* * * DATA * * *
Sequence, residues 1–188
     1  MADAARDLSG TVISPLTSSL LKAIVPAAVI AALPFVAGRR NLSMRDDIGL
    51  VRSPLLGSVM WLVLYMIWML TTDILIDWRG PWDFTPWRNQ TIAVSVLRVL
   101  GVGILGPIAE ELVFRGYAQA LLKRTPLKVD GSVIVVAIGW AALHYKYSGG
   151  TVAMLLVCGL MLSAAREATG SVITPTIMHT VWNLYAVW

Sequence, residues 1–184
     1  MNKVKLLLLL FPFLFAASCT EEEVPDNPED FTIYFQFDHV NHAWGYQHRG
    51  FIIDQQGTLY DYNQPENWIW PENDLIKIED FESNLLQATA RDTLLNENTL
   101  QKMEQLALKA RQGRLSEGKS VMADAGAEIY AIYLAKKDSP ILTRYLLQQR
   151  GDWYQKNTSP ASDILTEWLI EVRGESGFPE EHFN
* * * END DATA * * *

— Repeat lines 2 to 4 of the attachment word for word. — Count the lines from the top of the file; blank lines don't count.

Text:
     1  MADAARDLSG TVISPLTSSL LKAIVPAAVI AALPFVAGRR NLSMRDDIGL
    51  VRSPLLGSVM WLVLYMIWML TTDILIDWRG PWDFTPWRNQ TIAVSVLRVL
   101  GVGILGPIAE ELVFRGYAQA LLKRTPLKVD GSVIVVAIGW AALHYKYSGG